Is the Welsh Springer Spaniel worth keeping? Sure, he is! Aside from his handsome looks, this dog boasts incredible skills in the field and fantastic companionability at home. While he can be reserved to strangers, expect him to be cheerful and affectionate towards your family. Just make sure to satisfy his high exercise and training needs, and he’ll reward you by being your devoted friend in life.
Origins of the Welsh Springer Spaniel
Leading authorities say that the Welsh Springer originated from the original spaniels from the Iberian Peninsula. It is unknown how they came from Spain to Wales, but they are believed to have been developed in the 13th century for use as a hunting dog, sharing the same history with the other spaniels, such as the English Springer Spaniel, that trace their roots in Britain.
These dogs were blessed with versatility and incredible hunting skills, helping hunters by “springing” game out of their hiding places. They were hardy, built to withstand harsh terrain and weather, and had great stamina to work for extended periods.
The Welsh and English Springers only emerged as distinct breeds in the early 1900s. Today, the Welsh Springer Spaniel is considered a rare breed, with only 300 puppies being registered with AKC annually.
Characteristics of the Welsh Springer Spaniel
Height: 17-19 inches
Weight: 35-50 pounds
Life Expectancy: 12-15 years
The Welsh Springer Spaniel is a compact, medium-sized dog with a muscular build. He is relatively longer than being tall, giving the impression that he is definitely made for sport. Meanwhile, his medium to dark brown, oval-shaped eyes reflect his joviality.
Probably the Welsh Springer Spaniel’s most conspicuous feature is his red and white coat, which often comes in freckles. What’s more striking is that it can be straight, flat, or wavy! Then, completing his handsome look are his lightly-feathered ears and tail, while his chest, legs, and underside tend to be feathered thickly.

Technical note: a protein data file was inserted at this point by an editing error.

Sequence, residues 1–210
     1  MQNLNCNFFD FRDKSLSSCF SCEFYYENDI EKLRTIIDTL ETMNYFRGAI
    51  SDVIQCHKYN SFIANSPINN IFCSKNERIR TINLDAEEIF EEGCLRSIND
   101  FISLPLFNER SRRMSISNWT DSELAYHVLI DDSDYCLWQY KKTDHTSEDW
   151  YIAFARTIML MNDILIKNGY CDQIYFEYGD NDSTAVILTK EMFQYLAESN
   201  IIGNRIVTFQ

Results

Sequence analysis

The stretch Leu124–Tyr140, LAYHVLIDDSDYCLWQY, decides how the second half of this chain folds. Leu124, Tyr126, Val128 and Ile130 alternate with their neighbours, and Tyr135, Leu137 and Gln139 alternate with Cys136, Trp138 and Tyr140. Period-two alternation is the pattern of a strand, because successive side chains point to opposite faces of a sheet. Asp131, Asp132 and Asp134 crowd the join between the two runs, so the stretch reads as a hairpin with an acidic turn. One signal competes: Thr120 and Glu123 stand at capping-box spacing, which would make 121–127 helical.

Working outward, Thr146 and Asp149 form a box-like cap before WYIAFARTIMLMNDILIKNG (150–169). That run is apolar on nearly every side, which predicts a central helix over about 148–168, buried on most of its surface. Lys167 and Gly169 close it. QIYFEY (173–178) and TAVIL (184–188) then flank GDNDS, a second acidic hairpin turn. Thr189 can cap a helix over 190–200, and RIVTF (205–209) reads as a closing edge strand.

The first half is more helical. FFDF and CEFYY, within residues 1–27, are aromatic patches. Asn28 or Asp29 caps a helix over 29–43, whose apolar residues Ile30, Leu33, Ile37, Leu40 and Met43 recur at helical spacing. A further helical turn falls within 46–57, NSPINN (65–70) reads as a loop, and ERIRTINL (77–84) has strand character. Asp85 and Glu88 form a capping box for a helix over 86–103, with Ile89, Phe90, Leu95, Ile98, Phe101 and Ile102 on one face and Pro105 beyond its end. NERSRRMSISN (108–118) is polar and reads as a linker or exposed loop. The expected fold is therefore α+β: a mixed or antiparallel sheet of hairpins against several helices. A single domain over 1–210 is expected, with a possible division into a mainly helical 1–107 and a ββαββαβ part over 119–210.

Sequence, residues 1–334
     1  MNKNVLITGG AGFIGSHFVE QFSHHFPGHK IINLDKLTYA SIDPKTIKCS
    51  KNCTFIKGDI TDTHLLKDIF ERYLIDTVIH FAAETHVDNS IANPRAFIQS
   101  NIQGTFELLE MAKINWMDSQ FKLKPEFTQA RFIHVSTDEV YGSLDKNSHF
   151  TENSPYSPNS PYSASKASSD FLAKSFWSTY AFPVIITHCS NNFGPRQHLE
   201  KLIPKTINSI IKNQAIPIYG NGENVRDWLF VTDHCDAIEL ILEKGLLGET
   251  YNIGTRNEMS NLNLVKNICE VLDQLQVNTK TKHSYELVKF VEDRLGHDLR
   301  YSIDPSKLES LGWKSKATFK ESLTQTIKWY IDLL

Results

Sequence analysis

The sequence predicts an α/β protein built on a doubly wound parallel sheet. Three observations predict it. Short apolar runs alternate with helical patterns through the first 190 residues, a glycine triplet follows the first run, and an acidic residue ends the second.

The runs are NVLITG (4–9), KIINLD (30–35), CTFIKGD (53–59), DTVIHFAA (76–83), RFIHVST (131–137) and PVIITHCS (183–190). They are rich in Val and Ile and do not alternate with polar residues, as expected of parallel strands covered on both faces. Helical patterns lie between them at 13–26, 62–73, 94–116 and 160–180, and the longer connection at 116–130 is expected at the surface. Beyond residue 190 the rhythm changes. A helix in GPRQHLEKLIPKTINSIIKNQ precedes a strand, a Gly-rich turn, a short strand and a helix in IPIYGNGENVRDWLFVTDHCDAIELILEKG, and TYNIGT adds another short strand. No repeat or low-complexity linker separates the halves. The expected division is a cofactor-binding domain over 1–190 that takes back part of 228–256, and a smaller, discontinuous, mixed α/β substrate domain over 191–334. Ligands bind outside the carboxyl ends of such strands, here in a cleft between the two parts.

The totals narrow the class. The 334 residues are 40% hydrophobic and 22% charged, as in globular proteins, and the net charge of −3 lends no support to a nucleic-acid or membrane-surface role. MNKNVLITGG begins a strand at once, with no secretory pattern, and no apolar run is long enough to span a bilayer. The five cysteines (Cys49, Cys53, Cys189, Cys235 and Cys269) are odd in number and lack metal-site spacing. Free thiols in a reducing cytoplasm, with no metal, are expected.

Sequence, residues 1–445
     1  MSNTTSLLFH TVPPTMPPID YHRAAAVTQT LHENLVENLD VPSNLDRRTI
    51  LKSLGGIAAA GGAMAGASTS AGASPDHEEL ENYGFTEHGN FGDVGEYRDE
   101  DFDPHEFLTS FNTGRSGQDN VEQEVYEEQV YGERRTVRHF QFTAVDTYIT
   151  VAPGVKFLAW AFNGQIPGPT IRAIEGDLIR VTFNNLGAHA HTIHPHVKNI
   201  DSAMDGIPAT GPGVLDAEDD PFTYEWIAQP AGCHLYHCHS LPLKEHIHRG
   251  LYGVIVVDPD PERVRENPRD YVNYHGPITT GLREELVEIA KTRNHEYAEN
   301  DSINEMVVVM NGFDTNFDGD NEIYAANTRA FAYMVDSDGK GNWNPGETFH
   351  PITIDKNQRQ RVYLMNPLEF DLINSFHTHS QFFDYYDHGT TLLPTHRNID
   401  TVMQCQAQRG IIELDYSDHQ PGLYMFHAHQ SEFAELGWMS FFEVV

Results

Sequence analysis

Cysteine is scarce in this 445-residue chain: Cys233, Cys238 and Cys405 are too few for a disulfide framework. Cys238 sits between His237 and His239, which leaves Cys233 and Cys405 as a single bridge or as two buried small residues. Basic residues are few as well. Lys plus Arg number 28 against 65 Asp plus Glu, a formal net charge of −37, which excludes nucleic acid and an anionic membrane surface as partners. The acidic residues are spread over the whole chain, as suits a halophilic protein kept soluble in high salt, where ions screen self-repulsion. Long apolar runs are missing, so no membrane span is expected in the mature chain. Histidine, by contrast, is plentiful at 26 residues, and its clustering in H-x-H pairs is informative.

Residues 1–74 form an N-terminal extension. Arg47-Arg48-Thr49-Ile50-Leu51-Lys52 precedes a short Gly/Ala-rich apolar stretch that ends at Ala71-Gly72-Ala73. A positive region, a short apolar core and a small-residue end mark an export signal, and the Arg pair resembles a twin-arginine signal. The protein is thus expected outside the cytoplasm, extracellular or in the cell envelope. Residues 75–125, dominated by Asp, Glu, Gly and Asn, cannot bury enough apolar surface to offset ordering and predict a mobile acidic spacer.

The Welsh Springer Spaniel’s is as interesting as how he looks. He is a jolly and enthusiastic breed that is loving and loyal to his family. The Welshie is the type of dog that will greet his owners with sheer happiness, even if they’ve only been out for a short period. Very gentle, he also makes an excellent companion to children, especially if they are appropriately introduced at a young age. However, expect him to display his reserved side towards strangers as he is more fond of being with people he already knows.
As an energetic though easygoing breed, he still needs adequate exercise to consume his extra vigor. Otherwise, any excess energy can translate to undesirable habits, such as chewing, barking, or digging. However, these behaviors shouldn’t be taken against him, but only as a sign of lack of physical stimulation.
Lastly, the Welshie has a sensitive soul and may not respond well to criticism and harsh treatment. However, due to his origin as a hunting dog, he’s conditioned to seek guidance from its owners, especially in unfamiliar situations. Expect him to be eager to please, striving to meet his beloved humans’ commands and intentions, given they are treated fairly and kindly.
Caring for the Welsh Springer Spaniel
The Welsh Springer Spaniel only sheds moderately, which means weekly brushing can suffice in keeping him looking his best and avoid matting. However, if you’d like to keep the feathering on his chest, legs, and belly longer, you will need to brush him more frequently to prevent tangles. Bathing is rarely necessary.
As they have “drop ears,” checking and cleaning their ears at least once a week is necessary to prevent infections. Other parts of the grooming routine include brushing his teeth and clipping his nails. It is essential to acquaint any dog with these upkeeps at a young age for him to be more accepting and make veterinary visits stress-free in his adult age.
For his exercise needs, he will enjoy long daily walks outside or play sessions in a well-fenced yard. But, remember that he needs to do these activities with you. He thrives in human interaction, and exercise is an excellent way to spend time with him.
As with any other dog breed, the Welsh Springer Spaniel needs high-quality dog food, divided into two meals. He can have a hearty appetite but make sure not to overfeed him as it can result in obesity. Consult your veterinarian to devise a diet plan fit with the dog’s age, needs, and energy level.
In terms of health, the Welsh Springer Spaniel is considered hardy, thanks to responsible breeders consistently testing their stock for common health conditions affecting dogs, such as autoimmune thyroiditis, hip and elbow dysplasia, and eye disease. Regular visits to the vet for immunizations, flea control, and checkup can help your dog live a long, healthy life.